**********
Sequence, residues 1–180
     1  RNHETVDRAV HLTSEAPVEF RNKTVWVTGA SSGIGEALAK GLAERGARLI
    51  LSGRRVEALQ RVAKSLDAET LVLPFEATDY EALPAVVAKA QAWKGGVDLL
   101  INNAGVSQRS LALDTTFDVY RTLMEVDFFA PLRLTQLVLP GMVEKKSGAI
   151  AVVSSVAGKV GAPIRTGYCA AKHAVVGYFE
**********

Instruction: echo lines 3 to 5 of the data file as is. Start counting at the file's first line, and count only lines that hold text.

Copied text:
    51  LSGRRVEALQ RVAKSLDAET LVLPFEATDY EALPAVVAKA QAWKGGVDLL
   101  INNAGVSQRS LALDTTFDVY RTLMEVDFFA PLRLTQLVLP GMVEKKSGAI
   151  AVVSSVAGKV GAPIRTGYCA AKHAVVGYFE